Remember when we were kids and we preferred playing with our friends to playing alone? Whether we were riding bikes, playing baseball, hide & seek, or just hanging out at a friend’s house, it was always more fun, and sometimes imperative (in the case of team sports and board games) to have someone to share those moments. Now that we’re adults, many of us still prefer socializing over a solo approach to being physically active. For adults, exercising is more than fun and games, it’s necessary to our overall health, but many of us choose not make it a priority, because we still don’t enjoy “playing” alone. You know how the soliloquy goes, “It’s no fun walking by myself,” or “I get so bored riding my bike alone. If I just had someone to talk to it would make it so much easier!”
Social Contact – the great motivator.
Actually, it’s quite common for adults to prefer sharing the company of others while exercising. In fact, the underlying desire to share time with friends can be even stronger than the motivation to exercise for the health benefits. Every day more adults are walking, running, cycling, and swimming, or joining health clubs and exercise classes, not because they want to look like the guy on the cover of Men’s Health or the lady on Women’s Fitness Magazine, but because it’s a great way to spend quality time with family, friends or co-workers. Somehow knowing that there will be someone to talk to while enduring that eight mile run or the 30 minutes on the stationary bike makes it seem easier, faster, and more enjoyable than when it is done alone.
Exercise away the stress of the day.
Stress is an unavoidable part of everyday life for adults, and exercise can play a major role in helping us deal with it in a constructive way! Knowing we will be meeting our friends after work and spending 30 minutes or more talking, sharing, and laughing while we exercise, can help us get through the grind of the day. For many of us the combination of exercising and socializing encourages us to relax and to let go of the stress that can impact us negatively (both physically and mentally), if left unchecked. Having the encouragement and support of our fellow fitness seekers makes it easier to reach our own exercise goals. Also, successfully finishing a workout gives a sense of accomplishment and motivates us to want to continue our quest for better physical and mental health.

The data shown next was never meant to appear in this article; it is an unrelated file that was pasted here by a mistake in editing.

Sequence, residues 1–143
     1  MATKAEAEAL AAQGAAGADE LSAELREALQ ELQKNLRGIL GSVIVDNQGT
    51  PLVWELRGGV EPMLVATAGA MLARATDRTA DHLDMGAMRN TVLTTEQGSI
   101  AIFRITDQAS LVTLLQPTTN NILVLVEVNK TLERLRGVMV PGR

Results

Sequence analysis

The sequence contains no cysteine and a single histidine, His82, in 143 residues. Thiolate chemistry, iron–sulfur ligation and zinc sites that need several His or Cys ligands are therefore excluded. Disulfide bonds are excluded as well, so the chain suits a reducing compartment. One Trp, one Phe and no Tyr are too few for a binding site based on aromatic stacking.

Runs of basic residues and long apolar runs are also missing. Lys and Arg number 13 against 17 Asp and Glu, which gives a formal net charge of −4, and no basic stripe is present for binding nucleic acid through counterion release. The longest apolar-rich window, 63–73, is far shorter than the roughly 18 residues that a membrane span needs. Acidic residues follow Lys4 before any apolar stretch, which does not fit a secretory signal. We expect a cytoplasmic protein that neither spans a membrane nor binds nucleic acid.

Just do it – for whatever reason.
The number of senior adults exercising is increasing every year. The experts tell us it is crucial to stay active, especially once we reach 50! I have been teaching a senior adult fitness class for 13 years, and there are several couples that have been in this class for over 15 years. Many of those who participate originally joined the class strictly for the physical benefits, and have found they really appreciate the time to socialize with friends and classmates. Others actually enjoy the social aspects of the class much more than the physical, but that’s okay, too, because for whatever the reason, they are keeping moving, and that results in their feeling much better and being healthier. There are several ladies in my class who can be chatting away while they are on the treadmills and not even realize they have exceeded their time. They actually forget they are exercising!
What are you waiting for?
With the start of the new year, it’s a great time to find an exercise “buddy,” or a class to join. You might be surprised how many other people are out there in need of someone to share their exercise time! It might require some schedule adjustments but it is definitely worth it. Your health is up to you, but having someone to share the time you spend exercising can make it much more pleasant and more productive! So what are you waiting for? Remember, no matter your age, and whether you’re getting your exercise on the playground or the treadmill, it’s always more fun when we have somebody to share it with!
Doug Pinkerton, M.Ed., is the Director of Recreation & Wellness, and a HPER Instructor, as well as the Cross Country coach at Delta State University, Cleveland, MS.